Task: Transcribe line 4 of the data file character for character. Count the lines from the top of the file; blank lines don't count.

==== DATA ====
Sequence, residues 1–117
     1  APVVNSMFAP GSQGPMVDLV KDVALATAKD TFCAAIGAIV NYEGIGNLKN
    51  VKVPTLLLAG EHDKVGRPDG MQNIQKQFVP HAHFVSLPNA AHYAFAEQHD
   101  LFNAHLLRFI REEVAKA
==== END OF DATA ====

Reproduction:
   101  LFNAHLLRFI REEVAKA